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Wellness Expo presents fun, facts

Community meeting on the opioid crisis follows expo

October 27, 2017
Amy H. Peterson - Staff Writer ( , Estherville News

The Third Annual Wellness Expo at the Regional Wellness Center in Estherville featured health facts and fun activities Tuesday afternoon.

The featured exhibit was "Hidden in Plain Sight," an indicator exhibit to see what drug related items can easily be overlooked in a teenager's bedroom. From soda cans, or any container that can be retrofitted from the bottom, to clothing, to showing what seemingly decorative or everyday items could actually be paraphernalia, participants learned what to look for if they suspect drugs could be an issue.

After the expo, Sara Derr, PharmD, of the Iowa Healthcare Collaborative presented a community meeting on the opioid crisis.

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The typical opioid addict in Iowa, Derr said is a woman, age 65 or older with low income living in the metro areas of the state.

Derr told the often-told public health story called Moving Upstream.

A man and woman fishing downstream. Suddenly a child comes down the river struggling for life. The fisherfolk pull her out. Then another comes and again must be rescued. This happens all afternoon and the fisherfolk are getting very tired from constantly pulling people from the river.

Eventually they think, "We need to go upstream and find out why so many people are falling in the water."

Others gather to help, and they're upset when the couple starts moving away to walk upstream.

When they go upstream, they find that people are drawn to the edge to look at the river, but there is no safe way to do this. Many of them fall. The fisherfolk go to the community leaders and report the number of people who have fallen into the river. They also report that this is due to the lack of a protective barrier on the cliff. Community leaders build a wall behind which people may safely view the water. Some still fall, but there are many fewer victims to rescue.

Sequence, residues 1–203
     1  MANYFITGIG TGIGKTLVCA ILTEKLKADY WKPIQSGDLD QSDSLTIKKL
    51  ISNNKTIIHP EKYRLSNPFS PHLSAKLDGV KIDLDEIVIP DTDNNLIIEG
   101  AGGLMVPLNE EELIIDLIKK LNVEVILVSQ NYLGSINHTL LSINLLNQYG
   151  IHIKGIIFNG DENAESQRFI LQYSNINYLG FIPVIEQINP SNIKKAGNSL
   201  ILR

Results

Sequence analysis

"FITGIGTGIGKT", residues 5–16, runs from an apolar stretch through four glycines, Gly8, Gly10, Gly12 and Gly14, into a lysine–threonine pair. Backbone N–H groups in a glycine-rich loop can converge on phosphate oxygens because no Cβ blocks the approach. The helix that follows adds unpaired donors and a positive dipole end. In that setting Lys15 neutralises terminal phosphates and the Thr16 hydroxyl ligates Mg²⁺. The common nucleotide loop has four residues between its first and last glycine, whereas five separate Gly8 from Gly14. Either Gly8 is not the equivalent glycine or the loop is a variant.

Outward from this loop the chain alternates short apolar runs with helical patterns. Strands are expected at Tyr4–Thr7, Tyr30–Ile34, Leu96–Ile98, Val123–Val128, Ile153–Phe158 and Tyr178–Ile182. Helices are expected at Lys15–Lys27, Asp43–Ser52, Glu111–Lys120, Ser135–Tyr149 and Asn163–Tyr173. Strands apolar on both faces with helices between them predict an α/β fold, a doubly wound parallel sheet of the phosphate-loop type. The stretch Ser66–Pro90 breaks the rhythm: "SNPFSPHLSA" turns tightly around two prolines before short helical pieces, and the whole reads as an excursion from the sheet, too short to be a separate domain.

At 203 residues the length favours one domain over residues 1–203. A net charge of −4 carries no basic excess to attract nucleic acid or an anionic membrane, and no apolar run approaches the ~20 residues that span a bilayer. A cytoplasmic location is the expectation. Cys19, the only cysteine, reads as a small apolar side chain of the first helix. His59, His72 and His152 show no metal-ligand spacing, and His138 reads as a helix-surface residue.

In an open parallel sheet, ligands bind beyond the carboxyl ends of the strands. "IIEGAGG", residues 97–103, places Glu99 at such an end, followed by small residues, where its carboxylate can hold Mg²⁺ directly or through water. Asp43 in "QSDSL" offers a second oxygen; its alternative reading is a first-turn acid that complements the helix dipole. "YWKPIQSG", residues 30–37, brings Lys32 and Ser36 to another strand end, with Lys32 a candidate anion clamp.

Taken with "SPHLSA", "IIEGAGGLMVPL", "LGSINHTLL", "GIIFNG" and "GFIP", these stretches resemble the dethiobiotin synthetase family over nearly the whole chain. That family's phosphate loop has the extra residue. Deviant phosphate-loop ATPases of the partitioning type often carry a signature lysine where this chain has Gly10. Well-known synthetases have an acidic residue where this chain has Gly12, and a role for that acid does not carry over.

Derr said, "We are trying to get in front of opioid abuse at the source, preventing the issue before we have to treat the addiction."

When dealing with pain, Derr said, the standard has been to try to get the patient's pain to zero, and doctors are graded on how well they control a patient's pain.

Hence, opioids, which were once considered safely non-addictive, became popular.

Derr said a better measure of health than having a patient assign a number to their pain level is considering their measure of comfort and functionality.

"The goal of pain management does not have to be getting the pain to zero. It's whether they're comfortable doing the tasks of daily life. People might say, 'I just want to go to my kids' soccer games,' or 'I just need to get through the workday,'" Derr said.

There are many options for pain management besides opioids, including chiropractic care, acupuncture, TENS units, biofeedback, and counseling, Derr said.

Many times, the pain management plan skips acetaminophen and other non-opioid medications and goes straight to an opioid, and the prescriptions are given out liberally with 60 or 90 pills in a bottle, Derr said.

"Most people have a comfort level that's not in need of opioid support by three to seven days after surgery, Derr said.

Derr said the crisis is here. "Each day 1,000 people are seen in the ER because they've taken an opioid other than as prescribed."

Opioid medications, including oxycontin, hydrocodone, and codeine, are appropriate for severe short term pain, some cases of severe long term pain, cancer, end of life treatment.

For other uses, Derr said patients with their health care providers should discuss the benefits versus the risks, and make a plan to try lowering the dose each visit.

A patient turns into a heroin addict through the use of opioids by prescription. Lortabs are $5-7 per pill. Percocet is $7-10, Oxycodone is $30-40. When the patient cannot get any more prescriptions, they might try getting the pills on the street with Oxycontin going for $80 per tab. As the patient takes more, the sensitivity to pain increases, so they need more to control the pain. Having exhausted their financial ability to acquire enough, they're increasingly turning to heroin, which provides the same effect for $10 per bag.

One in five new heroin users started out as prescription opioid patients. One in four opioid users struggles with addiction. The number of opioid prescriptions quadrupled between 1999 and 2010, and in 2012, there were 259 opioid prescriptions, enough for every American adult to have a 30 day supply.

Avera Holy Family Hospital is one of 23 hospitals serving in the Collaborative.



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